While the rest of England was basking in Hurricane Horrid we were enduring the sort of riding that only beautiful weather can provide…mostly.
The target was Seville in Southern Spain for an Iron Butt UK Ride to Eat on Saturday. Kevin suggested we tried a BunBurner Gold ride on our way down and, being a sucker for punishment, I agreed to give it a go. That would be 2500Km (as we were riding in Europe we could do km rides) in 24 hours.
We weren’t exactly prepared. Kevin hadn’t been sleeping well so was tired before we even left home but we decided we’d either fall back to a standard BB2500km (in 36 hours) or abandon the IBA ride attempt altogether and just wander down if he became too tired to ride and we needed to stop for an extended period. We took the Chunnel across to Calais for our usual trick of stopping just the other side prior to a long ride and had a leisurely breakfast. At about 09.45 we left, with the receipt from the hotel as our starting time. It would have been a bit earlier but my French isn’t up to much and trying to get witnesses who don’t really speak much English was rather a challenge.
Our route meandered a bit as the direct route from Calais to Seville wasn’t long enough so we needed receipts from ten petrol stops en route, including the final receipt at journey’s end, to prove where we’d been. The French motorways have a mixture of full-blown services and what I would call ‘services lite’, which are self-service everything – petrol (see below), coffee from machines etc.
The ride down was uneventful – rather expensive as we seemed to hit toll booth after toll booth and the Spanish charge bikes the same as cars – but at least the roads were clear. It was dry for much of the way but it rained enough for me to discover that my old Furygan ‘waterproof’ gloves aren’t and for Kevin to really appreciate the wicking properties of his undergarments as they spread the water from his wet neck protector all over his body!!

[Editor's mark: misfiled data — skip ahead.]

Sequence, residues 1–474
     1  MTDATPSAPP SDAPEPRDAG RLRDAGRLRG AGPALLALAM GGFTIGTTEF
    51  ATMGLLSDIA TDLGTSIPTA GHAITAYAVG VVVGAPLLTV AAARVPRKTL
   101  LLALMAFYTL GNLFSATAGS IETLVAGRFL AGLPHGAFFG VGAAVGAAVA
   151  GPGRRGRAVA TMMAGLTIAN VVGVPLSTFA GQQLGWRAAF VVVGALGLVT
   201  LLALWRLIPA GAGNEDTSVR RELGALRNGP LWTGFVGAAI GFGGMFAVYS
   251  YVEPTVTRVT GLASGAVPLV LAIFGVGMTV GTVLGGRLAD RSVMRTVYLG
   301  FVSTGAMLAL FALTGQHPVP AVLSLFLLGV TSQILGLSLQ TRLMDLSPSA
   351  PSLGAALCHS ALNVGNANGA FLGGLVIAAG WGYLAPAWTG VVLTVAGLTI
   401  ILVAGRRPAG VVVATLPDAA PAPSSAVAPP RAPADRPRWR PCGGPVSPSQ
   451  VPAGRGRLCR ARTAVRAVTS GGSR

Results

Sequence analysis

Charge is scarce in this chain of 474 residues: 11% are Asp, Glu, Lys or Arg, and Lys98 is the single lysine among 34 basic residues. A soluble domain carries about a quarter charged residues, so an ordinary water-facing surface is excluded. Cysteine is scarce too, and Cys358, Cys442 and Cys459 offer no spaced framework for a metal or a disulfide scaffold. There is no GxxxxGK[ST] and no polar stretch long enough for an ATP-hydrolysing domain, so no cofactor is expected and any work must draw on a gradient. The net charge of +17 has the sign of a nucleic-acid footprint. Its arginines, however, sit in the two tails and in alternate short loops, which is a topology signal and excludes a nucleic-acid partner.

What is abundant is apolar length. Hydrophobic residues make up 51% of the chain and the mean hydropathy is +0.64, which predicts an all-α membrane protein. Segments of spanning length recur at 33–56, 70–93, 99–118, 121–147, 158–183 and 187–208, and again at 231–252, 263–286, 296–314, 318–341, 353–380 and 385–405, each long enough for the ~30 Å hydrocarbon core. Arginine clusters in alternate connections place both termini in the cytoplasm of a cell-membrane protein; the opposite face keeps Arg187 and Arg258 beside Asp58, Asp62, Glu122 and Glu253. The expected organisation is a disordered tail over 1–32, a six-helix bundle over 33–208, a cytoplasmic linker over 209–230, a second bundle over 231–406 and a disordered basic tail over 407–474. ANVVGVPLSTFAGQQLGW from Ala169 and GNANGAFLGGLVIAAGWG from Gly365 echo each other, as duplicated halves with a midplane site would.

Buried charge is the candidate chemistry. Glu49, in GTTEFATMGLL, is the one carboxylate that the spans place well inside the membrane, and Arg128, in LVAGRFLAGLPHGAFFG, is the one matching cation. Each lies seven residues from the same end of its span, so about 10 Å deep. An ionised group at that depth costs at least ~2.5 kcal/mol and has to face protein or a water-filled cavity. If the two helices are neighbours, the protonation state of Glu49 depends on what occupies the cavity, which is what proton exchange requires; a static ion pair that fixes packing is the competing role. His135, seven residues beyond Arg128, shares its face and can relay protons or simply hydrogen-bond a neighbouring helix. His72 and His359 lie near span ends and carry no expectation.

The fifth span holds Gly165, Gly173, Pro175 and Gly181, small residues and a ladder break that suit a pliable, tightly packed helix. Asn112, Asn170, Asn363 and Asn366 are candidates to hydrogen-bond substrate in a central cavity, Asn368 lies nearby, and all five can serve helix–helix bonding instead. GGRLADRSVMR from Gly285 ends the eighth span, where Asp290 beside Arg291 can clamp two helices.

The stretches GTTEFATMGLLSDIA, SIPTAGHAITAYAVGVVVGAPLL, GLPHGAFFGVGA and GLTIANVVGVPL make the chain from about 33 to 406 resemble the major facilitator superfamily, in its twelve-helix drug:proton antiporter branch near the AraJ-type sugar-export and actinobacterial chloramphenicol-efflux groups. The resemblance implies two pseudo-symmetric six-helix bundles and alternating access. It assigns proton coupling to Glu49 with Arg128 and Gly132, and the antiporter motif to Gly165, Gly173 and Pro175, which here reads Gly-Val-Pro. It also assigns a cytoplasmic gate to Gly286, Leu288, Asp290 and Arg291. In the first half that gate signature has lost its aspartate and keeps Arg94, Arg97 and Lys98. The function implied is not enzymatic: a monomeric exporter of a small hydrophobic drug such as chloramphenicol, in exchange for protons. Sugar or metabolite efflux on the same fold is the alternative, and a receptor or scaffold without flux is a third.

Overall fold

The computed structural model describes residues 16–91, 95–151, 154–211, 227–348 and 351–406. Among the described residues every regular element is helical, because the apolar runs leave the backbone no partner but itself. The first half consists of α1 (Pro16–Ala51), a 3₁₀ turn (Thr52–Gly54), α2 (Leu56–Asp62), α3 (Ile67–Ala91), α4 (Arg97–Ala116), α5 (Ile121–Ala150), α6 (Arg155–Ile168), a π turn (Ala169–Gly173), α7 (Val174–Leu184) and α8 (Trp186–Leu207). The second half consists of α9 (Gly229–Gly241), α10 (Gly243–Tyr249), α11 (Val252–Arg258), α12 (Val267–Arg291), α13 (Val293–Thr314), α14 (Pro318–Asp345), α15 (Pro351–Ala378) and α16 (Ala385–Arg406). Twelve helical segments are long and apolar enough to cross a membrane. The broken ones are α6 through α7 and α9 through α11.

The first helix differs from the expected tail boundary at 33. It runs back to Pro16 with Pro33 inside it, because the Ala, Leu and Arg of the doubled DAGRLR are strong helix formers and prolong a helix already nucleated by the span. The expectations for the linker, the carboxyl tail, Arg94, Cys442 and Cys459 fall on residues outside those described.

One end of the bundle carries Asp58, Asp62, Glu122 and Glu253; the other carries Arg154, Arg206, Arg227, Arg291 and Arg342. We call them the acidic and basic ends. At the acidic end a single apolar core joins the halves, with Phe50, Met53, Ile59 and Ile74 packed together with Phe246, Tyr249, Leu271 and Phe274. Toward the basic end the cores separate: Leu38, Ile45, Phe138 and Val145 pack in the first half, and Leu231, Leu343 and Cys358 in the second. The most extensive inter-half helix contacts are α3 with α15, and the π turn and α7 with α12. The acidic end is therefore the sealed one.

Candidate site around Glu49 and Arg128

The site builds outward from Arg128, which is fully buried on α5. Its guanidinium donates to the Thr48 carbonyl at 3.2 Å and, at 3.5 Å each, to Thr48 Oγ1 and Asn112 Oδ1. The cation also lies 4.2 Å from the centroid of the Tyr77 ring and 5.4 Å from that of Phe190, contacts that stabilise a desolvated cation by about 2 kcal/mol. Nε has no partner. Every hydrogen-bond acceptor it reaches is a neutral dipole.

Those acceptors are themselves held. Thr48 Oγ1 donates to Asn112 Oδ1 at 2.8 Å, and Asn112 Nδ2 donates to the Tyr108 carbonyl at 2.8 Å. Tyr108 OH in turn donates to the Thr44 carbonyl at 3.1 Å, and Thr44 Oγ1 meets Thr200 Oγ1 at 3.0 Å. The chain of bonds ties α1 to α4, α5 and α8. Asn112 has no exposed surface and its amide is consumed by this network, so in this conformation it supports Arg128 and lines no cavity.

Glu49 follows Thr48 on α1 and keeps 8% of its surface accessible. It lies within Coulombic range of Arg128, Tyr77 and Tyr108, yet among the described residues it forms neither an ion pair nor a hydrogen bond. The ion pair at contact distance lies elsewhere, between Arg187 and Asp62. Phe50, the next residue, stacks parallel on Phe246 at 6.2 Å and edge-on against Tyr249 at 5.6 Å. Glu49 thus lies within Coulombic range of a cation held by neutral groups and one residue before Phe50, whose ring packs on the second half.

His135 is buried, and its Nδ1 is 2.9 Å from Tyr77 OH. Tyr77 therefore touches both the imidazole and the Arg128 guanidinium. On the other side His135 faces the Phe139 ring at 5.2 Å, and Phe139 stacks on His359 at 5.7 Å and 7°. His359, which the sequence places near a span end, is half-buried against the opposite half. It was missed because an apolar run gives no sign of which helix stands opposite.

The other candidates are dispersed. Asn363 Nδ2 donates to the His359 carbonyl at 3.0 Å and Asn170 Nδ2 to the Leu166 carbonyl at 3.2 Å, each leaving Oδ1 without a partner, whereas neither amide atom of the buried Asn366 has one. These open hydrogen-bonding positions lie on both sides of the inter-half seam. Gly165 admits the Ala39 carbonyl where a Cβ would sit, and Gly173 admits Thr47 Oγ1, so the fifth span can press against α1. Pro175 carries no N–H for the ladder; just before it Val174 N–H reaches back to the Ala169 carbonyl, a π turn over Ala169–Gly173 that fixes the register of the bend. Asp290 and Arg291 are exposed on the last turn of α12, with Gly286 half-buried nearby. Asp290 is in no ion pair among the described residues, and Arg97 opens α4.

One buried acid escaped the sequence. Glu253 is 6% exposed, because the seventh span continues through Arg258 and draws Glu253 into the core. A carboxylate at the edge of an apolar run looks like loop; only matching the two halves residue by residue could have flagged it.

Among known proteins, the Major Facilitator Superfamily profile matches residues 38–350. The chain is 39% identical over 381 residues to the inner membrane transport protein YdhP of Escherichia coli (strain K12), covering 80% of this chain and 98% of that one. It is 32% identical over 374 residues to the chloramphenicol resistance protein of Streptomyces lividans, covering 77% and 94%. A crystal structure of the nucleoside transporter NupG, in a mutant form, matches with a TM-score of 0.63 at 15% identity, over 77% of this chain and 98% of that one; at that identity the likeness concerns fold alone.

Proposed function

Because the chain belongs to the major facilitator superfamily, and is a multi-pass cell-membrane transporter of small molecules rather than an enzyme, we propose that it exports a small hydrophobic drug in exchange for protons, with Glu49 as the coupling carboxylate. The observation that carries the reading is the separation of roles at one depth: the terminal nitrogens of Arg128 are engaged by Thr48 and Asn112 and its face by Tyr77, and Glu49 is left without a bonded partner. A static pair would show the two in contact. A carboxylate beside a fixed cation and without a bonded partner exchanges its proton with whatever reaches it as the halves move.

There really isn’t much time on this sort of ride for anything but riding but Kevin needed to stop for a couple of short sleeps and we had a quick McDonalds – he really knows how to treat a girl 😉 (and the sandwiches, don’t forget we had to stop for sandwiches because you were hungry – sandwiches AND McDonalds on one BB2500km Gold, you’ve no idea how lucky you are! 🙂 Kevin). We arrived in Seville with about eight minutes to spare, it was close. (the ride has now been verified).
It was still early when we finished our journey but despite that the lovely man on the desk at the Hotel San Pablo in Seville was happy to let us take possession of our room and commented that the hotel was being overrun with bikers. There were loads in the breakfast room apparently. When we investigated they were, of course, Iron Butters and we enjoyed breakfast and a catch-up with the rabble which included Coxy who we were meeting for the first time. He really made my day by saying it was my fault he was there as he had been reading our blog and decided Iron Butt challenges sounded fun.
After a quick shower and a short sleep we met with the others at the appointed meeting place near an interesting bridge. Once everyone was there we grabbed a passing cyclist who was bemused but happy to oblige by taking our photo on everyone’s cameras. Then it was back to the hotel for some catching up before dinner.
We had a very enjoyable evening catching up with old friends, some of whom (Tom and Mona from California) had come a very long way to join us. Everyone was planning something different for their journeys home, some people pairing up, others going it alone. Most people got home in one piece on the bikes they started with but there were several people who ended up getting home courtesy of their breakdown insurance. Never leave home without it!
We had arranged with Paul to travel back with him and set off early’ish into the mist wondering whether we’d need warmer gear. Last time we rode with Paul on a RTE it snowed and the temperature plummeted to -5°C. Luckily the extra clothing was unnecessary as the sun soon burned off the mist and we were treated to a lovely sunny day.